Quantifier elimination is used as a technique to get decidability (e.g. $Th( \mathbb{N}, +)$ ) of theories, but typically one has to go over to some expansion. Are there examples of theories which are decidable but there is (provably) no expansion which has (effective) QE?


The answer is no, because in fact every theory $T$ admits quantifier elimination in an expansion, over a theory $\bar T$ that is conservative over $T$. Furthermore, the quantifier elimination procedure in the expansion is computable (assuming the original language has an effective enumeration), regardless of whether $T$ is decidable or even computably axiomatizable.

The idea is simply to add new predicates to represent the old formulas, so that they become quantifier-free. Specifically, if $T$ is a theory in language $\cal L$, then for each formula $\varphi(\vec x)$ in ${\cal L}$ let us add a new predicate symbol $R_{\varphi}$ to form the language $\bar{\cal L}$. We then form the expansion theory $\bar T$ by augmenting the original theory $T$ with the additional axioms $$\forall\vec x\ \left(\varphi(\vec x)\iff R_{\varphi}(\vec x)\right).$$ It is manifest that any model of $T$ can be expanded to a model of $\bar T$ simply by interpreting the $R_\varphi$ according to their definitions, and so $\bar T$ is conservative over $T$. But meanwhile, $\bar T$ has quantifier elimination, because every formula $\bar\varphi$ in the language $\bar L$ can be translated back into an $\cal L$-formula $\varphi$, by expanding all the $R_\psi$ that arise in it according to their definitions, and this formula $\varphi$ is equivalent to $R_\varphi$ in $\bar T$, an atomic formula. Thus, we have quantifier-elimination in the expansion. Furthermore, the procedure $\bar\varphi\mapsto R_\varphi$ is effective, regardless of the decidability of $T$.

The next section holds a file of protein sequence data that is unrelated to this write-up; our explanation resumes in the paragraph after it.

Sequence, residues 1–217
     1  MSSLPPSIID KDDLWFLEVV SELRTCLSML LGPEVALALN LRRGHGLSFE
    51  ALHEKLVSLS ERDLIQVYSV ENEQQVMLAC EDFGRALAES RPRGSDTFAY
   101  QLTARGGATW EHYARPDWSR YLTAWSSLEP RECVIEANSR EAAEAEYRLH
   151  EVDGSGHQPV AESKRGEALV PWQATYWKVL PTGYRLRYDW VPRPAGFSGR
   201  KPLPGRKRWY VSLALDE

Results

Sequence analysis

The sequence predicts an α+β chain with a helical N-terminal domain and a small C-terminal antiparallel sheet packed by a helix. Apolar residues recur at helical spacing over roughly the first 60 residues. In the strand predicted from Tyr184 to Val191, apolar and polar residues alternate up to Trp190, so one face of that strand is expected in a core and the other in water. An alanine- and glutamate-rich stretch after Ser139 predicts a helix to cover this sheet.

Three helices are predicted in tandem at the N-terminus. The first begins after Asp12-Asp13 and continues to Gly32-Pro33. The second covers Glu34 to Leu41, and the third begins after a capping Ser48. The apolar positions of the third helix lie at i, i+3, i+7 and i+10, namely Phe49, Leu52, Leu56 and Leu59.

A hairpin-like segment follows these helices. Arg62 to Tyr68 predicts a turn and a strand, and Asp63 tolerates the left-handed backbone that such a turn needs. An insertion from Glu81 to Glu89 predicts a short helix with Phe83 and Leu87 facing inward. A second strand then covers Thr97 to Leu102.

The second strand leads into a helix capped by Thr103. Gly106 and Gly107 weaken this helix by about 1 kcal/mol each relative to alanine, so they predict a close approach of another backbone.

• $\begingroup$ Could you suggest me a good book/paper/link where I can find information about the quantifier elimination? $\endgroup$ – Mary Star Nov 8 '15 at 2:53
  • $\begingroup$ @MaryStar I would think that this is covered in any of the usual model theory texts, but I don't have any close at hand at the moment. $\endgroup$ – Joel David Hamkins Nov 8 '15 at 2:55
  • $\begingroup$ I saw in your profile that you have answered to questions about decidability. Could you maybe take a look at my question math.stackexchange.com/questions/1516207/… ? $\endgroup$ – Mary Star Nov 8 '15 at 3:01
  • $\begingroup$ I don't know what the "theory of algebraic differential equations" means exactly. This is a first-order theory? What is the language? It seems to me you have some experts over there helping you out, who are also unsure about what you mean. Perhaps you can focus your question more precisely? $\endgroup$ – Joel David Hamkins Nov 8 '15 at 3:19
  • $\begingroup$ The language is $\{+, \cdot , ', 0, 1, t\}$. The formulas in the theory is of the form $tx'=ax$, they are algebraic differential equations (algebraic means that the coefficients are polynomials). So, can we say that this theory in this language is the structure $$(F[t]; +, \cdot , ', 0, 1, t)$$ ? I will try to edit the question to make it more precisely. $\endgroup$ – Mary Star Nov 8 '15 at 3:25

Your Answer

By clicking “Post Your Answer”, you agree to our terms of service, privacy policy and cookie policy

Not the answer you're looking for? Browse other questions tagged or ask your own question.